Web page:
Dr. S. Rallis DC, ND
Vitamin D and COVID, Is There a Link?
The conversation often starts like this, “What’s my vitamin D level, Doc?” or “I’d like to check my vitamin D level?”
A big part of my job is interpreting lab results for patients and almost irrespective of the condition, the journey usually begins at the interpretation of the complete blood count or CBC for short, and typically culminates at the vitamin D test. Less by design, and more by default -it’s just how labs are typically reported.
Working through this interpretation is a nuanced discussion, requiring a significant amount of compelling education on my part and concentration on the patient’s part.
Even the best of them can sometimes get “glassy-eyed”, through some of the deeper dives.
“...and finally, your vitamin D levels”
Everyone seems to perk up at this point of the show. I’m not sure whether I intentionally dramatize this portion, but it somehow inevitably ends up that way.
For most living at northern latitudes, vitamin D levels are going to be absolutely abysmal.
FYI -Vitamin D status is assessed by measuring 25-hydroxyvitamin D (25OHD). The score is reported in nmol/L in Canada and ng/mL in the US. Reference range is 75-250 nmol/L. The US equivalent would be 30-100 ng/mL. But because of its enormous impact on general health, immunity, and hormone health, most functional medicine practitioners generally like to keep vitamin D levels above 125 nmol/L or 50 ng/mL.
“How bad is that?” asked one gentleman this past week when told of his 39 nmol/L reading.
“It’s pretty sh*t,” I replied. (I find that a gentle cuss word occasionally thrown into the conversation helps tap into the limbic (emotional) part of the brain, which facilitates long-term learning.
“But, that being said, I actually see a lot worse,” I added, somewhat consolingly.
Case in point. A patient the very following day had a reading of 20 nmol/L, a decent level for a human cadaver or a vampire.
My patients are not alone. Vitamin D deficiency affects over 1 billion people by some estimates (1) and up to half of the global population by others. (2)
Vitamin D deficiency is part of a group of overlooked healthcare pandemics that actually underlie the pandemic.
“We cannot ignore evidence in a recent ‘individual patient data’ meta-analysis that vitamin D supplementation protects against acute respiratory infections (ARIs)” urged researchers in a recently published article in the Journal of Global Antimicrobial Resistance (3).
The truth is, our healthcare policy makers have ignored the evidence. Our politicians and media have become so fixated on the roadkill that they’ve taken their eyes off the proverbial road.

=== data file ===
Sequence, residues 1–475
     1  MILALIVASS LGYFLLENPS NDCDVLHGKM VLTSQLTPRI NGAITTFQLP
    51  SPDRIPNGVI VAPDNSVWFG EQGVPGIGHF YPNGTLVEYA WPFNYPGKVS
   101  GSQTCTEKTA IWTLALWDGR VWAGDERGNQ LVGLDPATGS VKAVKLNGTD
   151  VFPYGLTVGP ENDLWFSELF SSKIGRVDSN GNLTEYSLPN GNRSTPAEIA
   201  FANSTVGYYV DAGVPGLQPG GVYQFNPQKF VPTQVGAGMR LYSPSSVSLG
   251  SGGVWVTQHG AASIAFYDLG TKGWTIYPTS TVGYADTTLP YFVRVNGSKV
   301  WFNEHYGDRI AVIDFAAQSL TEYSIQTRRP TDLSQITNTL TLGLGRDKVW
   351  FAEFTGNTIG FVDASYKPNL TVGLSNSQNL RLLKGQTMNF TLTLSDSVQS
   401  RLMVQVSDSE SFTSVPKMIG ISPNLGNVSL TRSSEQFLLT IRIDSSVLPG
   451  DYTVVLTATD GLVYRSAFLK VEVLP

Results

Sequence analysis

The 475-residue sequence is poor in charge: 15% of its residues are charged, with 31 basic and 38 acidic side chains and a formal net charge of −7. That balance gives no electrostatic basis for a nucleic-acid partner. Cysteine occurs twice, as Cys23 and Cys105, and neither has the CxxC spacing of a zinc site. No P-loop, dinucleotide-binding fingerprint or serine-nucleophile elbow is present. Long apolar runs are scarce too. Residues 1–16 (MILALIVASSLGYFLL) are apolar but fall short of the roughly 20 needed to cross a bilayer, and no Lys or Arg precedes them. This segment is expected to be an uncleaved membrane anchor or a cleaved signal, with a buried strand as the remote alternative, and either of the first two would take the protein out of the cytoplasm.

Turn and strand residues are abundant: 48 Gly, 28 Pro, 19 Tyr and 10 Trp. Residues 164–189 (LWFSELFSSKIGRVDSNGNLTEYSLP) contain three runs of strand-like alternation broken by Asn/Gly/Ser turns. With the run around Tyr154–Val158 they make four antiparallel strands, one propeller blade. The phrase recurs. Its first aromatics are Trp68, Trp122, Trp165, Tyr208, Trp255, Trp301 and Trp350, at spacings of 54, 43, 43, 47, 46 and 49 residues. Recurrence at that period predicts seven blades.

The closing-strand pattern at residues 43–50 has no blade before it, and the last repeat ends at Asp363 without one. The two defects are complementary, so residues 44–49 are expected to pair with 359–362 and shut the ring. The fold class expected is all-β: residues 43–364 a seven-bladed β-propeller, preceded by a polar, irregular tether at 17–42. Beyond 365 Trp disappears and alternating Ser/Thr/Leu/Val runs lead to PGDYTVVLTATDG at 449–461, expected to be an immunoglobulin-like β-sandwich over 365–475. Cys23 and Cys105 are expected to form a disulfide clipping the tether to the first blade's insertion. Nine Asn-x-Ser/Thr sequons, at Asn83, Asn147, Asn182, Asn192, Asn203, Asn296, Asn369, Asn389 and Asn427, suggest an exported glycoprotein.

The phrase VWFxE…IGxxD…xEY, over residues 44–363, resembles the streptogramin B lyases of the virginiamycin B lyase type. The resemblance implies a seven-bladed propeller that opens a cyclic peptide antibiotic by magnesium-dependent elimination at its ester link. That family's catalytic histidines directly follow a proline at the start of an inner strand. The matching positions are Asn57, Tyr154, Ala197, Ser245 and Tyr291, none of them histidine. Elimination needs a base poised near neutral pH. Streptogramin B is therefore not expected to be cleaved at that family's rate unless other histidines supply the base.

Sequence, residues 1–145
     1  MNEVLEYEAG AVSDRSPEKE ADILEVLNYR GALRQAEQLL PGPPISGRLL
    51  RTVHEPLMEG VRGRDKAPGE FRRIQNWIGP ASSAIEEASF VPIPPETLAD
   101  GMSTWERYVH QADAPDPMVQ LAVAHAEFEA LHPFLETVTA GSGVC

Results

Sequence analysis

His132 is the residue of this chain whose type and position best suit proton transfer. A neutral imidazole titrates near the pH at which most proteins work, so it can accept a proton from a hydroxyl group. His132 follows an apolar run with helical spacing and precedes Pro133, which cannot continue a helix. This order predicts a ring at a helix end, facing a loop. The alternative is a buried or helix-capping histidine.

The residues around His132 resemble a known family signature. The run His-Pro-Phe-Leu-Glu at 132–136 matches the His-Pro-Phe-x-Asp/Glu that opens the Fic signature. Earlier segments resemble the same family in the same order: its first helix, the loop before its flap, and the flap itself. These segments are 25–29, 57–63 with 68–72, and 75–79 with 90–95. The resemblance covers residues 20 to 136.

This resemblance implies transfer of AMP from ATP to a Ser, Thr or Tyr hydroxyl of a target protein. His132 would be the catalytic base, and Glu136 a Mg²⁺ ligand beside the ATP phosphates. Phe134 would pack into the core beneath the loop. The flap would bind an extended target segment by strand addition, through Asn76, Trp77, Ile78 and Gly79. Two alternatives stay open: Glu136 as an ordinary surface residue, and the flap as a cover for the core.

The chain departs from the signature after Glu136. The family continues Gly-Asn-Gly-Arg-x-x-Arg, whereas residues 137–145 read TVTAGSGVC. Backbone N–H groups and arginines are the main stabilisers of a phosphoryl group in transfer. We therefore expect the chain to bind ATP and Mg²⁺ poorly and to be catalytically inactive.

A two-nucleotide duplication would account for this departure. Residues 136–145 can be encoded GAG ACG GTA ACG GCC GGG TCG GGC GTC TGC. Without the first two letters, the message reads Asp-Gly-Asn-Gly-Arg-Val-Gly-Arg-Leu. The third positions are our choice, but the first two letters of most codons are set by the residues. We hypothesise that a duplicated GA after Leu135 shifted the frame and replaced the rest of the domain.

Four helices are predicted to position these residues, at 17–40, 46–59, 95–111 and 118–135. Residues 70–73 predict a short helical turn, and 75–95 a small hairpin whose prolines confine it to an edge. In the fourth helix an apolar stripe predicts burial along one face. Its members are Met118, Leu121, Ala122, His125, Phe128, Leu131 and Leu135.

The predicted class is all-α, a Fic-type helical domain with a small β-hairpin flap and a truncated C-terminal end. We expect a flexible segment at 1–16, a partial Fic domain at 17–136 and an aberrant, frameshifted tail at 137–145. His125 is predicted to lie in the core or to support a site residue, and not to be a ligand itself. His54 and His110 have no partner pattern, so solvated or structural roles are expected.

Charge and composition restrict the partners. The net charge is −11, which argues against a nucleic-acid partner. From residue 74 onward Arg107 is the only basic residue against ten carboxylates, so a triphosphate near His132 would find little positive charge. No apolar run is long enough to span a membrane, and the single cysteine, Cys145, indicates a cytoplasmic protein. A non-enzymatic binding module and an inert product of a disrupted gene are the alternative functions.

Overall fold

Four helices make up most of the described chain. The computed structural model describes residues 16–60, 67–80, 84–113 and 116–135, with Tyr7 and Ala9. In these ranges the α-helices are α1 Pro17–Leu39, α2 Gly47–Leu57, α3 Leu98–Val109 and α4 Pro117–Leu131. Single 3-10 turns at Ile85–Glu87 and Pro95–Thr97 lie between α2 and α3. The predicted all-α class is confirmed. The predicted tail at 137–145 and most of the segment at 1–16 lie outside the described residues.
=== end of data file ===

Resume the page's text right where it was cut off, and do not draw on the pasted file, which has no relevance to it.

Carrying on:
People get sick for a multitude of reasons and most of the reasons are related to modifiable disease factors, not just viral exposure. Until we begin to direct our resources on these underlying causative factors, we’re cooked.
Vitamin D status is one of these modifiable factors.
People that are vitamin D deficient are more likely to get respiratory infections, more likely to test positive for COVID-19, and are more likely to suffer severe pneumonia from COVID-19. (4)
82.2% of hospitalized patients in a small but recently popularized study in Spain, were Vitamin D deficient. (5)
Being vitamin D deficient quadruples your death rate from COVID 19. (4)
My patients are constantly asking me, my thoughts on the various COVID-19 vaccines. I’m not sure I can answer these questions intelligibly. I know that the Canadian College of Naturopathic Medicine issued a position paper in October of this year proposing an expanded scope of practice for Ontario NDs to include vaccinations, partially in an effort to help overcome vaccine hesitancy. (6) Whether this comes to fruition or not, we’ll see.
Here’s the point.
Underlying most deaths associated with this pandemic is poor health. Period. The corollary of poor health is decreased immune system integrity. Nutrient deficiencies are critical to both and the modifiable factors associated with poor health can no longer be ignored.
This is true for antioxidant status which includes nutrients such as vitamin C, glutathione, selenium and zinc (see previous blog for latter).
This is true of protein and macronutrient status.
And this is especially true for vitamin D status.
So while you may have to wait to have your ND administer a vaccine in the province of Ontario, you don't have to wait to have them test and boost your vitamin D levels.
(1) Hilger J, Friedel A, Herr R, et al. A systematic review of vitamin D status in populations worldwide. Br J Nutr. 2014;111:23-45.
(2) Holick M. F. (2007). Vitamin D deficiency. N. Engl. J. Med. 357 266–281.
(3) Zemb, Patrick et al. “Vitamin D deficiency and the COVID-19 pandemic.” Journal of global antimicrobial resistance vol. 22 (2020): 133-134. doi:10.1016/j.jgar.2020.05.006
(4) Dieter De Smet, MD, Kristof De Smet, MD, Pauline Herroelen, MSc, Stefaan Gryspeerdt, MD, Geert A Martens, MD, PhD, Serum 25(OH)D Level on Hospital Admission Associated With COVID-19 Stage and Mortality, American Journal of Clinical Pathology, , aqaa252, https://doi.org/10.1093/ajcp/aqaa252
(5) José L Hernández, Daniel Nan, Marta Fernandez-Ayala, Mayte García-Unzueta, Miguel A Hernández-Hernández, Marcos López-Hoyos, Pedro Muñoz-Cacho, José M Olmos, Manuel Gutiérrez-Cuadra, Juan J Ruiz-Cubillán, Javier Crespo, Víctor M Martínez-Taboada, Vitamin D Status in Hospitalized Patients with SARS-CoV-2 Infection, The Journal of Clinical Endocrinology & Metabolism, , dgaa733, https://doi.org/10.1210/clinem/dgaa733
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